With road construction hitting its peak during the summer months, more drivers are passing by flashing lights and damaged cars as car wrecks increase in construction zones.
"There's just so many little things that could happen that might cause an accident if you don't give your full attention to these areas," said Kenna Mitchell of the Oklahoma Department of Transportation.
Last year, 17 people were killed in work zone collisions in Oklahoma, according to ODOT data. A record number of 767 injuries related to the 1,278 work zone collisions also occurred throughout the state in 2009.
With more than 50 road construction projects underway in the Tulsa area, ODOT is working to ensure this increased amount of work does not lead to an increased amount of injuries on the road, Mitchell said.
However, several accidents have already occurred in these construction zones this year as drivers collide into barriers, dug-out work sites and other vehicles. Out of the 942 work zone crashes statewide this year, 319 of them have been in Tulsa with one fatality and 133 possible injuries, according to preliminary data from the Oklahoma Highway Safety Office. In some instances, drivers have even tried to go around barricades to pass through construction zones, typically ending with a vehicle stuck in the mess and the driver stuck in jail.
ODOT checks signs regularly to keep accidents like this from happening, Mitchell said. At six of the eight major construction sites, digital message boards alert drivers about nearby construction zones and warn of possible delays. Speed limits are also reduced in many areas to keep drivers safe.
"In some of our contracts, we also have it where we can have law enforcement -- highway patrol -- come through and help us," she said. "When people see there are law enforcement in the area, they magically become better drivers. Everyone begins putting on their seatbelts and slowing down and paying attention to the road."
Oklahoma Highway Patrol Captain Chris West said drivers must be more attentive when driving through construction areas.
"Most people make the mistake of driving through construction zones as if they aren't construction zones," he said. "People are following too closely, changing lanes too quickly and speeding."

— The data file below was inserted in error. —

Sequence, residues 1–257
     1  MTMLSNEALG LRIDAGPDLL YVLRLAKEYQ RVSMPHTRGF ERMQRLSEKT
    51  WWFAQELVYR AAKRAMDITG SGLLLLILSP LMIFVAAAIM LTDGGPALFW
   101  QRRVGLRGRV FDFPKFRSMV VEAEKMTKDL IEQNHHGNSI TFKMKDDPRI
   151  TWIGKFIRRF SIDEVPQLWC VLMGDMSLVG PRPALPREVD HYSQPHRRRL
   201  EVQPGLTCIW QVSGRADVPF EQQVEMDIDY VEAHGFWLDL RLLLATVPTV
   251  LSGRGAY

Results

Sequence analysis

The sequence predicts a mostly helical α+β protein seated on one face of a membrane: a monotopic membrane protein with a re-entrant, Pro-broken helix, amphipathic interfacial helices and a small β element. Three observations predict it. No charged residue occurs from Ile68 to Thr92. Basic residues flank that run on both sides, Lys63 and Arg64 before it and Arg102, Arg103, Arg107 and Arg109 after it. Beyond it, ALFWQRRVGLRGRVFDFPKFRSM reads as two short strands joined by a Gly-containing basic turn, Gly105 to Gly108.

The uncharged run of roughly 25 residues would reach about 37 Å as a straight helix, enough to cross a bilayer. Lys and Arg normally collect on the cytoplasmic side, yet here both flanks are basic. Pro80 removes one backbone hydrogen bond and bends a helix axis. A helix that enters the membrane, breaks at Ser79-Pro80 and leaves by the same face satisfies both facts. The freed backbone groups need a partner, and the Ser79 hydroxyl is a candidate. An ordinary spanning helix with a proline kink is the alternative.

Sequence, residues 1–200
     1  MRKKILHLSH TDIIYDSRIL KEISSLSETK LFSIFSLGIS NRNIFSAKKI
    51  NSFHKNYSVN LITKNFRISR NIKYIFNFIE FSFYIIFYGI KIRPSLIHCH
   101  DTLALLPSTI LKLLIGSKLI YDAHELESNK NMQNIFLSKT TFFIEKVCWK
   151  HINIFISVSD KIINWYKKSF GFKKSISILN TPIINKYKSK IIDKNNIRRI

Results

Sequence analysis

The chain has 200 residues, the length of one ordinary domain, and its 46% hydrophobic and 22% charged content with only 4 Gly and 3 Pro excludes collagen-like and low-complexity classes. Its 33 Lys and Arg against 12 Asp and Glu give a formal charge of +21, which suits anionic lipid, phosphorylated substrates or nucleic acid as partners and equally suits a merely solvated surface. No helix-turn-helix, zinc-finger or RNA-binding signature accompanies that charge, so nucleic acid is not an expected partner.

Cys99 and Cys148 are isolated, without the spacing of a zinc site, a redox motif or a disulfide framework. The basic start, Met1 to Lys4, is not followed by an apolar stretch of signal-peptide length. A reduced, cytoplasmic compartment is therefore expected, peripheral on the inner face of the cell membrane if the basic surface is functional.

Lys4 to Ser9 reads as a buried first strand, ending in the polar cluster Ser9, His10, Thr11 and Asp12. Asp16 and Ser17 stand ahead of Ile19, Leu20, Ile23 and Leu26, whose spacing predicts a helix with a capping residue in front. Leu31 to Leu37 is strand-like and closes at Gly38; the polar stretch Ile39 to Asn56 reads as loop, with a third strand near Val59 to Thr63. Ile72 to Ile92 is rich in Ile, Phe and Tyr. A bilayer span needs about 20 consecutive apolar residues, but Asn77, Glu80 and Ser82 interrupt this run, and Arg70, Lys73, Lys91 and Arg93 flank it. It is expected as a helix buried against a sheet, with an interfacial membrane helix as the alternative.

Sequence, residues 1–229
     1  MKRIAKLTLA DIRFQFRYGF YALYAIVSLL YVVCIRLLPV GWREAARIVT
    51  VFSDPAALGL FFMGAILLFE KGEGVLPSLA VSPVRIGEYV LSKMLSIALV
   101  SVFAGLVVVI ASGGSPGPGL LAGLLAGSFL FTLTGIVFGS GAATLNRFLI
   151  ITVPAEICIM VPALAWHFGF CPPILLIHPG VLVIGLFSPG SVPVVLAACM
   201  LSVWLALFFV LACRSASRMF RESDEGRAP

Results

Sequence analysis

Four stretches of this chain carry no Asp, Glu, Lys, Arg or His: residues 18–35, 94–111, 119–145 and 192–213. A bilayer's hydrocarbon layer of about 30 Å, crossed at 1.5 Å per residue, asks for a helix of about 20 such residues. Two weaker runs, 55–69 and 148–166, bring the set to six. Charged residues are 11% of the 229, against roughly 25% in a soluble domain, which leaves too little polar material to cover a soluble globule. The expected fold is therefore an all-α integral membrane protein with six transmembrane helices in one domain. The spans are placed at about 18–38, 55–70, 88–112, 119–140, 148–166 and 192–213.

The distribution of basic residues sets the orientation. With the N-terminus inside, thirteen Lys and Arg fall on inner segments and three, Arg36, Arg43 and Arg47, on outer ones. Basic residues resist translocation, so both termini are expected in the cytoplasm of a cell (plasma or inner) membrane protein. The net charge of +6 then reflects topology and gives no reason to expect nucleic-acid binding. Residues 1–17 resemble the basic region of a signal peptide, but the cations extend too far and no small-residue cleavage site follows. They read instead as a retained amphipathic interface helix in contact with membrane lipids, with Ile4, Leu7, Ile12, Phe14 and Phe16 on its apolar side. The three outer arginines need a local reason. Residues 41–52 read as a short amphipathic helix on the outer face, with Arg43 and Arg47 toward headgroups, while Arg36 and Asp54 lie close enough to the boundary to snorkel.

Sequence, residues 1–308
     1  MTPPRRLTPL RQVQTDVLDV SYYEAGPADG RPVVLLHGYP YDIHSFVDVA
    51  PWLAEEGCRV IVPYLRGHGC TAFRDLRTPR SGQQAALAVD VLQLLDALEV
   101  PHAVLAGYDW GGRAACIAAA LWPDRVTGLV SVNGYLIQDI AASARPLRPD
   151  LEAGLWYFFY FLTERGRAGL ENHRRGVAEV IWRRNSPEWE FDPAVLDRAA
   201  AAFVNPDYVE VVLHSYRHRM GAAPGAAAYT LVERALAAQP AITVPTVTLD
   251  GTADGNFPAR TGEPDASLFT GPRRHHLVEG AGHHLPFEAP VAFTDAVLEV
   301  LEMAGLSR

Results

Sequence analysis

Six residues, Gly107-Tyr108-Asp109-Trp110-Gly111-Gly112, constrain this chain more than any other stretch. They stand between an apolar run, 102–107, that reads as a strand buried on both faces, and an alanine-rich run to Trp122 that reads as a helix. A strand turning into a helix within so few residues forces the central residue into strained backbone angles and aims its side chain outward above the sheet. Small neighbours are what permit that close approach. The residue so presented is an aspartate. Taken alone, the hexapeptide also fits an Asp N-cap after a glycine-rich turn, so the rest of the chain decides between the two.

These actions not only lead to drivers' injuries, but also put construction workers in danger. This past June, two construction workers were killed near Yukon when a driver swerved off the road, hitting and killing the employees at the scene.
After working in the construction business for decades, Tony McKellar has seen similar horror stories, he said.
"We've seen it happen," said McKellar, Manhattan Road and Bridge's corporate safety director. "We don't want to see it happen again."
Companies like Manhattan train employees for these dangerous situations.
"Workers must be very aware of their surroundings at all times," he said. "What if you were working at your desk ... and your desk was sitting in the middle of a rodeo ring with wild bulls all over the place?
Well, you'd have to do your work and also always be looking over your shoulder. That's the way our workers have to work."
McKellar oversees the safety in busy construction projects throughout Oklahoma and surrounding states, with many bridge projects in the Tulsa area, including sites at 163rd and I-44, Harvard Ave. and I-44 and multiple areas throughout the Inner Dispersal Loop. He said he has witnessed wrecks in construction sites this year but is surprised he has not seen major accidents with the amount of congestion in these work zones.
Although he understands the frustration felt by drivers in these work sites, people must focus on the road as well as the construction nearby.
"Those signs out there are not only law, they are good advice," he said.
Even though signs often warn drivers of upcoming changes, McKellar said he admits maneuvering through work zones can sometimes be confusing.
"If you do see construction and you're unsure of where to go, simply slow down," he said.
Minimizing distractions helps drivers focus, too, Mitchell said.
"Put down the cell phone," she said. "A lot of people unfortunately try to drive and text. They may be getting into an area where lanes are a bit narrower or may be shifting. Just having that small distraction can lead to problems."
To completely avoid the distractions of construction zones, Mitchell said ODOT updates its traffic advisories section at odot.org at 4pm every day to advise drivers of ongoing projects and delays for the next day.
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